In Part 1 we considered how to help visual and tactile learners in our Mission Friends groups learn more effectively. In this article, we turn to the auditory and kinesthetic learners. Everyone can learn in all four ways, but each person has a dominant learning style.
Auditory learners learn best when they hear information. They generally listen when others are speaking. They may not appear to listen; however, they can often repeat what was just said. Oral repetition is important to their learning. They enjoy sounds, but too much sound or silence may be distracting. Conversations are enjoyable to them and help them process information. Try these suggestions to help your auditory learners:
- Read aloud or tell stories.
- Engage in conversation about an activity.
- Use songs, finger plays, chants, and retelling of stories.
- Allow the child to talk out loud about what they are doing.
- Record the child and play it back to hear the information again.
- Invite the child to retell the story.
- Make your voice interesting by changing tone or pitch.
- Encourage the child to ask and answer questions out loud.
- Allow the child to make sounds—orally, with musical instruments, and with their body (sounds such as clapping or stomping).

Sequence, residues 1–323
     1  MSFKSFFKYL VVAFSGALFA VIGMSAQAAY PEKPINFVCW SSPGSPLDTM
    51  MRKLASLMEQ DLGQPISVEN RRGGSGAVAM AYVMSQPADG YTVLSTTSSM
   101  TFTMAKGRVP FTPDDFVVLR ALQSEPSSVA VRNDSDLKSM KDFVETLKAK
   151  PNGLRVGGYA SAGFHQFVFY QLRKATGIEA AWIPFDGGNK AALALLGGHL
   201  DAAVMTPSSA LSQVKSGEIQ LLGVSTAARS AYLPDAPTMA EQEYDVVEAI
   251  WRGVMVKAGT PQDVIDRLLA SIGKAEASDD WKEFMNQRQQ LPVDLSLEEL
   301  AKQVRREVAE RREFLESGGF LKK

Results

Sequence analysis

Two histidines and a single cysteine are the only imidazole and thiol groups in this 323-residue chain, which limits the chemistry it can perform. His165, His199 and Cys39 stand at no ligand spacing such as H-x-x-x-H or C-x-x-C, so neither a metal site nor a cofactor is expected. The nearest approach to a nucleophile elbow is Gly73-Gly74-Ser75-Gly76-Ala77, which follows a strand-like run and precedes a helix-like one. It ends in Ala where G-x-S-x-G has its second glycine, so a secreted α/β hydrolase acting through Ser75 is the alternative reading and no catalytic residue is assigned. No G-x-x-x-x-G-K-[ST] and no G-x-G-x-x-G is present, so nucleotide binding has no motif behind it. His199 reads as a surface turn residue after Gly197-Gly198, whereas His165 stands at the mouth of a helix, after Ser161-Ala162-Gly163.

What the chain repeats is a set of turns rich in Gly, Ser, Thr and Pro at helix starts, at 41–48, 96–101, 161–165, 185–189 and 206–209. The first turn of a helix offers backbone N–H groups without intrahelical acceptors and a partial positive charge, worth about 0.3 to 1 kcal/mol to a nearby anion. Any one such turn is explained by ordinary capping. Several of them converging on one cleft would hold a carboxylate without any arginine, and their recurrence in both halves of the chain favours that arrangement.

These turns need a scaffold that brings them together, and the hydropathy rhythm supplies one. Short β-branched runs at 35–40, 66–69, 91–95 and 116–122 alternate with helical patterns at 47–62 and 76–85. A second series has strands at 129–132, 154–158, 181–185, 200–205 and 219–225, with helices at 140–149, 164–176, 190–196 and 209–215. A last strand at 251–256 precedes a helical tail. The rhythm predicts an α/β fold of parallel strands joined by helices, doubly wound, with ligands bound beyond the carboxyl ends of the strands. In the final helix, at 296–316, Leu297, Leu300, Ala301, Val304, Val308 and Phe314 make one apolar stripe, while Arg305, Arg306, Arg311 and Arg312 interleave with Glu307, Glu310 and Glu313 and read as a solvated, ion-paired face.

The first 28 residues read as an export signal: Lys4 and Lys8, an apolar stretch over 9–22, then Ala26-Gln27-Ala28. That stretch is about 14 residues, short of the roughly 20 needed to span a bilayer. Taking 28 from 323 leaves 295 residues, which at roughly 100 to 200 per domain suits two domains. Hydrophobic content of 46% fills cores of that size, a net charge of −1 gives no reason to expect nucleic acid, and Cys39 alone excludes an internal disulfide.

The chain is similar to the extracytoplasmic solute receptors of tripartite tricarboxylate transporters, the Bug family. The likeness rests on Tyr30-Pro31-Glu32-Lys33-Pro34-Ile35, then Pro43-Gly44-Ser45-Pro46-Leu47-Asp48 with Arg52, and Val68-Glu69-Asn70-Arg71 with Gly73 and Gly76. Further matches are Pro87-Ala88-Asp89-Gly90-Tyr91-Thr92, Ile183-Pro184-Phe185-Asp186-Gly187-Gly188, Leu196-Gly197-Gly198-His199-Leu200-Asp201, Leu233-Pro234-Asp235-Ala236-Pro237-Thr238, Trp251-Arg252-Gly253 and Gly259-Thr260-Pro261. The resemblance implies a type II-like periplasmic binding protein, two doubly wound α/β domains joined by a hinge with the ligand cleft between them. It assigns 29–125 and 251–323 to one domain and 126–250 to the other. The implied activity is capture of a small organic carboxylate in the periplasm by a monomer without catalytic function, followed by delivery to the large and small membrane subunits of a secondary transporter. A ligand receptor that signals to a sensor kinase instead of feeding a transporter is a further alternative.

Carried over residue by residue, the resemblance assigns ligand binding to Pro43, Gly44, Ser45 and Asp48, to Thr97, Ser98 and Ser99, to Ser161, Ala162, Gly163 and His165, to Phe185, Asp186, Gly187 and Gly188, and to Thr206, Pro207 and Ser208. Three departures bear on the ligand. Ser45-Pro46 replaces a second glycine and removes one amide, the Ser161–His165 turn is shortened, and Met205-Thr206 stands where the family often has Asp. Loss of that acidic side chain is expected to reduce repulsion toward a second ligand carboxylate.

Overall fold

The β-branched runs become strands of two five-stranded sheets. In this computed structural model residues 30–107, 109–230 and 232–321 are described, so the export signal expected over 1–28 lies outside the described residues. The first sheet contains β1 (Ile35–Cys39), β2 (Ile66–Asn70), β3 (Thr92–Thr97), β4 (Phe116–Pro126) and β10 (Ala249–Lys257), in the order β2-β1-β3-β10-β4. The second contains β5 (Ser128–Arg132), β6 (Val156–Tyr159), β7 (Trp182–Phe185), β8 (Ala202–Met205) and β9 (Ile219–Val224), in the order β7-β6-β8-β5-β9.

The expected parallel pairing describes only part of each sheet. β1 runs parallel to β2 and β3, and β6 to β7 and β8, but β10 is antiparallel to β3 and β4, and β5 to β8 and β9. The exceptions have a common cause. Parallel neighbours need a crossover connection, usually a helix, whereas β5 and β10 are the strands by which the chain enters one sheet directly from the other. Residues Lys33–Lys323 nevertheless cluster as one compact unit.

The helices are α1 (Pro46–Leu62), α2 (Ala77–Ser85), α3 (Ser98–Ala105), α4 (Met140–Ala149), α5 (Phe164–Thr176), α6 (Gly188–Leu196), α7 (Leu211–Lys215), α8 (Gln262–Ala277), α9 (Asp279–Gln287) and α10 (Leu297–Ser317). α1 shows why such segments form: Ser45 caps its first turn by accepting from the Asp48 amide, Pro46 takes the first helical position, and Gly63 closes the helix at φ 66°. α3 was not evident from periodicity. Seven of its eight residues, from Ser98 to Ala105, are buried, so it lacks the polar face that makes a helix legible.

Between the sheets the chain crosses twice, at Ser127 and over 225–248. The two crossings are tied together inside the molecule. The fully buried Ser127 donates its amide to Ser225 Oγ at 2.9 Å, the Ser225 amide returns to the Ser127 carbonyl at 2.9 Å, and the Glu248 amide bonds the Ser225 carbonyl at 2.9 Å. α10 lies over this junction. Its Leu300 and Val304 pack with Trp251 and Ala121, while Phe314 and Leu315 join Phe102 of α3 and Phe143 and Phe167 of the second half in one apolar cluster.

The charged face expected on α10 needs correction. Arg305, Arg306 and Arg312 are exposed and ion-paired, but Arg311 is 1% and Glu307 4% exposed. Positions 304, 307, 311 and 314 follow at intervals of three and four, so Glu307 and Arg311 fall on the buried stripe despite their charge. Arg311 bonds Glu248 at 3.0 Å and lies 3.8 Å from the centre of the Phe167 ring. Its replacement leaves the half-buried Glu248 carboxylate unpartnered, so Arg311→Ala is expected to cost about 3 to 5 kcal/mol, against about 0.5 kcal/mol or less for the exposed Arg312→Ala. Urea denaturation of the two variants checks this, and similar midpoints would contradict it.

- Play music while the child is working on a project or in an activity area.
In the earlier article we considered tactile learners who process information through feeling and touching objects. Kinesthetic learners are similar in some ways but are distinguished by their need to move. They interact with their environment by moving their body. Leaders need to recognize this need to move as a characteristic of the child’s make up and not misbehavior. Some ways to help the kinesthetic learner are:
- Allow the child to stand, pace, wiggle, and generally be on the move.
- Break up extended times of sitting with physical activity, even if it’s just providing a stand and stretch break.
- Play active games.
- Add motions to chants and Bible verses, and use finger plays with large movements.
- Role play or act out the story, especially with props the child can move.
- Have the child act out instructions rather than just listen to instructions.
- Avoid distractions during story times. However, having the child doodle or sketch the story may help attention span.
- Outdoor play provides needed opportunities to move.
- Encourage appropriate emotional expression as feelings may be expressed physically—hugging or hitting.
Plan with All Learning Styles in Mind
As we plan our sessions, we ensure there are activities for each learning style. These may overlap. For example, acting out a story allows the visual learner to see the story, the tactile learner to feel the story, the auditory learner to hear the story, and the kinesthetic learner to move in the story. Or we may plan a particular activity for one style of learning to meet the needs of one child.
Leaders make the environment in the classroom. When we plan with all the learning styles in mind, we make our classroom a welcoming place for each unique child God has entrusted to us.
by Vivian Howell